Osun Election: Why APC Must Not Adopt Buhari As The Nominee Of The Party*
Let me start by giving kudos to the Independent National Electoral Commission (INEC) for the great improvement shown in the Osun governorship election. Further, declaring the election inconclusive is a good decision. It is constitutionally intra vires, has ample precedents, and ought to be respected by all parties. Best of all, the election results thus far offer a salutary lesson why the All Progressive Congress (APC) should not adopt Muhammadu Buhari as the presidential nominee of the party towards the 2019 elections. The lesson is that the Nigerian masses are fed up with imposition of candidates or any semblance of such.
Take for instance the case of Osun governorship election. Despite the fact that the candidate of the APC, Gboyega Oyetola, was equipped with overflowing resources and is head and shoulders above his two closest competitors, his failure to garner outright victory over such feeble opposition is a clear indication that something was amiss. But the problem should not be misplaced. It lies squarely with the manner Oyetola became the nominee of the party. The gist on the ground is that the candidate was “somehow” imposed. This situation created unnecessary disunity within the party, which caused many party faithfuls to either stay disinterested or decamp entirely.
The Osun election is beginning to trend as a defining problem for the APC in the build-up of the 2019 elections and beyond. But the solution is not so complicated. It calls for the leadership of the APC to quickly find ways to make amends and facilitate a unity of purpose before the re-run election of September 27, 2018. It calls for the party to demonstrate true leadership by influencing the decampees and other patriotic Osun stakeholders to present the united front needed to achieve a resounding victory. This can be done and ought to be done, whatever it takes, insofar moral. The posterity will not be kind to the APC, if a labile character and a definite nothingburger like Ademola Adeleke of the Peoples’ Democratic Party (PDP) goes to assume the leadership of a state because of a tractable crisis within the ruling party.
But the saving efforts should not stop at Osun, because the scenario may repeat itself on a national scale. It is a common knowledge that the issue of prohibitive nomination fees is not sitting well with a majority of APC members, especially the aspirants themselves and their supporters, some of who are threatening to leave the party in protest. In attempt to assuage their fears, a coalition of 2019 APC presidential aspirants, led by SKC Ogbonnia, Charles Udeogaranya, and Mumakai Unagha, came forward and wrote to the party, demanding that the nomination fees be drastically reduced in line with the economic situations in the country. Instead of toeing the popular demand, the Adams Oshiomhole led-National Executive Committee (NEC) of the party has remained adamant.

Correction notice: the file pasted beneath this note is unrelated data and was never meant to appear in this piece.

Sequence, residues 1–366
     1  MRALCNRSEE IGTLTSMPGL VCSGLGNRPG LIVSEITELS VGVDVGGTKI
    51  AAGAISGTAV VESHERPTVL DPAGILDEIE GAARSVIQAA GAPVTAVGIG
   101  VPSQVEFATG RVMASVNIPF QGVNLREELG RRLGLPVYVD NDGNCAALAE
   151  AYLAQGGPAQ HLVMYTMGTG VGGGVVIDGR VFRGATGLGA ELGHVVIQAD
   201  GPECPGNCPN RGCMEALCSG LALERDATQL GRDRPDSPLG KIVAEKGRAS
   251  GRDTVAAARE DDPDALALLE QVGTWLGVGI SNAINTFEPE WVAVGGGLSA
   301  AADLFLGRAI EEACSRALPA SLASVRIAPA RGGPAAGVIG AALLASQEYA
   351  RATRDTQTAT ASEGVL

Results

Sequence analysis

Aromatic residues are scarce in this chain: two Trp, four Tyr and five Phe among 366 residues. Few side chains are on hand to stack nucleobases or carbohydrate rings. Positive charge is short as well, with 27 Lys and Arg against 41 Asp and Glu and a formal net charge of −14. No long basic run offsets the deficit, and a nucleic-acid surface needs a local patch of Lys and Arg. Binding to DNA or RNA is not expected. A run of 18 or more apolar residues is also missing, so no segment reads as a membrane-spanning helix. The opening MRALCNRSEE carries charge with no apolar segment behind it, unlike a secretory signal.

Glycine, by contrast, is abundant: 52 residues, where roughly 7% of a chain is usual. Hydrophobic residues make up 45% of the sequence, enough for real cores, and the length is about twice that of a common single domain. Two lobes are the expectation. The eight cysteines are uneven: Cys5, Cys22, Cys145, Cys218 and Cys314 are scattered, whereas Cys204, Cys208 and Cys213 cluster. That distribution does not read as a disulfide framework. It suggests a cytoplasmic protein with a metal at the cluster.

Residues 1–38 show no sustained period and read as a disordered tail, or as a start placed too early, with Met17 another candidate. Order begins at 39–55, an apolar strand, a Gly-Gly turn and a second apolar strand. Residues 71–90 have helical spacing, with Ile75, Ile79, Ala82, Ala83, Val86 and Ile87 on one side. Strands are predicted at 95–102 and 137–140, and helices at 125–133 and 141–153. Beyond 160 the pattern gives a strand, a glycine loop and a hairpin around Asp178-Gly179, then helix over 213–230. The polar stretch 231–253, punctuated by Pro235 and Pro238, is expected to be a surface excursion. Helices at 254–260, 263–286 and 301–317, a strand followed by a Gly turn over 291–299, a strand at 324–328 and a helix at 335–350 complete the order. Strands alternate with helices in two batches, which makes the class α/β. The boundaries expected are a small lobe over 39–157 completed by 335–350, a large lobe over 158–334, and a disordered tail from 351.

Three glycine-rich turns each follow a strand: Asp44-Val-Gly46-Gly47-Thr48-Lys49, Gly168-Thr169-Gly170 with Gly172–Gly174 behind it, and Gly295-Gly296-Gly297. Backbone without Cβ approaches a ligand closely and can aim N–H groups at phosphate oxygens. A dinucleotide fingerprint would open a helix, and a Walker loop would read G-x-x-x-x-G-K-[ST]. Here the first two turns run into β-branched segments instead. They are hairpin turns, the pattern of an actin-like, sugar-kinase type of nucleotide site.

Today, not only is the entire APC primary process turning into a charade, with confusing modes and conflicting dates; the general optics is also that candidates are being imposed on the people. Let us consider the candidacy of Muhammadu Buhari, the sitting president. The most relative is that, like the other APC presidential hopefuls, Buhari had carpeted the cost of the presidential nomination form which is pegged at N45 million. Rather than a recourse to reason, the party leadership openly welcomed a phony group that claimed to have contributed the whopping N45 million required to buy the form for Mr. President. As soon as Buhari accepted the forms, against popular wish and the extant electoral laws, the party put out a statement, claiming that it has adopted him as the sole candidate of the party. To them, “the president has the right to first refusal.”
Now, if ‘the right to first refusal’ has become the reigning term in the Nigerian political lexicon, why not apply same to the states, where some governors are being compelled to stand for primary elections against other aspirants, for example, Lagos and Adamawa States?
The discernible answer is that the much-advertised internal party democracy within the APC is misleading, a cocktail of confusion. Be that as it may, the emerging consensus appears to be that the party has displaced an essential component of democracy, being political competition, with an archaic scheme designed for the highest bidder. It goes without saying that, besides the presidential aspirants, many other party faithfuls—particularly the poor, women, and the youths—who had aspired to electoral offices are being excluded because of the exorbitant nomination fees.
The leaders of the party should bury their ego and accept the reality that the prohibitive nomination fee is counterproductive. Not only does the scheme aid and abet corruption, it also contravenes the Nigerian Constitution. But there is still enough time to right the wrong. There is still time to create the desired level playing ground or even something close. As odd as it may sound, now is the time to drastically reduce the cost of the nomination fees—from the House of Assembly to the office of the president—so that the ordinary party members who desire to exercise their fundamental right to run for office have the opportunity to do so. A stitch in time, they say, saves nine.
APC Presidential Aspirant writes from Oshogbo and can be reached via: [email protected]